- permanent residents or other people who have no other place of permanent residence, and their visitors;
- people who were staying there on Friday 25 June 2021 and have not extended their booking; and
- local workers and overnight travellers.
- Sex on premises services.
- Sex services premises.
- Strip clubs.
- Public swimming pools (except natural swimming pools, which may open).
- National Trust properties and Historic Houses Trust of NSW properties (other than retail shops).
- Casinos, except for selling food or beverages for people to consume off-site and providing accommodation, including allowing food and drinks to be consumed in a person’s room.
Managing your workforce during the lockdown
It is anticipated that businesses may be impacted in a variety of ways and the following options are available to you regarding the ongoing engagement of your employees:
An employee’s inability to work
The New South Wales Government and Department of Health are updating exposure sites regularly and notifying those who are casual or close contacts of a person with COVID-19.
In these circumstances employees may be required to self-isolate for a given period of time.
Where an employee is unable to work due to the directions of the Department of Health, the duration of their absence is considered an unpaid absence. A business may elect to continue paying an employee in this circumstance or allow an employee to utilise their paid leave entitlements (annual leave or long service leave) during this period.
Quietness of trade
Where there’s slackness of trade due to the restrictions, a business may wish to cancel scheduled shifts of casual employees.
Alternatively, a business may wish to consult with permanent employees to determine whether any employee is prepared to utilise paid leave entitlements during this period. Where an employee refuses to take annual leave during this period they are entitled to receive their usual wages for the lockdown period.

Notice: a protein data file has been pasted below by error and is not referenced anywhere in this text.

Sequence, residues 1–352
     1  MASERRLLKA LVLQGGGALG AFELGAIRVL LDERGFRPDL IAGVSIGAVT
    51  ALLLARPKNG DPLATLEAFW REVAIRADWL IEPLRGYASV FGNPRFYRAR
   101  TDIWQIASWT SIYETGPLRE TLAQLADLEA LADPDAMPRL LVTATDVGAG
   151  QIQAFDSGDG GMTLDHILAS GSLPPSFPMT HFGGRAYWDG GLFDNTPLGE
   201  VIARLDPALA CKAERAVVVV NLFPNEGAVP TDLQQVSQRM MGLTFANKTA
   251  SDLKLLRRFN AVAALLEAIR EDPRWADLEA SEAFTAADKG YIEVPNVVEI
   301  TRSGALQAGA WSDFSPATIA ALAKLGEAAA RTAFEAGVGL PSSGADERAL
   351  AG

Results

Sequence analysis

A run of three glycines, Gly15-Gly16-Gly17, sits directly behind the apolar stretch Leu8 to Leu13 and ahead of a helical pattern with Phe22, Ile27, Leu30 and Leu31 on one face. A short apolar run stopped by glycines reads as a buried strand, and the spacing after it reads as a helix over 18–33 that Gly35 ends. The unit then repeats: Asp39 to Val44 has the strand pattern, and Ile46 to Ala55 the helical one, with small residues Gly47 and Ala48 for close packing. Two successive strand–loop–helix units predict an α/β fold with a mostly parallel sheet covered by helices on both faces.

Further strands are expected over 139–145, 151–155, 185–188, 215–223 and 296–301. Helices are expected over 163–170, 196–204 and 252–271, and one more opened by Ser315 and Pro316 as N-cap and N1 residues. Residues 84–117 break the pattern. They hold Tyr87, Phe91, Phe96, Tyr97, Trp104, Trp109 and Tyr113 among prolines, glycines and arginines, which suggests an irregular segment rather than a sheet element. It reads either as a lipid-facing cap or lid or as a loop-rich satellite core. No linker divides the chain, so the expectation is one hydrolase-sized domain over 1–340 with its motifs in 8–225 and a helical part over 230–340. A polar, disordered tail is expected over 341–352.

What about businesses that are directed to close?
Where a business is required to close, that is, it is required to completely shut for the lockdown period, businesses will be able to stand down employees where they are unable to work from home.
An employer can stand down an employee without pay where an employee cannot usefully be employed due to, but not limited to, a stoppage of work for any cause which the employer cannot reasonably be held responsible. Since businesses have been forced to close due to a Government directive, implementing a stand down under section 524 of the Fair Work Act (Cth) 2009 (FW Act) is lawful for employers provided the employee is not employed under an enterprise agreement or employment contract which provides for different stand down rights and obligations.
Where a section 524 stand down is implemented, employers should:
- seek specific advice in all circumstances to ensure that the risks with such an approach are understood;
- engage with impacted employees as soon as possible and provide employees with a reasonable opportunity to present ideas or proposals which may avoid the stand down;
- confirm the stand down in writing;
- maintain consistent contact with employees during the stand down period and provide updates and information which will assist with their ongoing understanding of the matter; and
- the continuation, or cancelation, of a stand down should be confirmed in writing.
Employees can access annual leave while stood down but cannot access personal leave.
The situation is currently evolving, and further relevant information will be provided when it becomes known.
If you have any questions about these restrictions and how they may affect your workplace, feel free to contact the team at enableHR.
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Rossato case decided by the High Court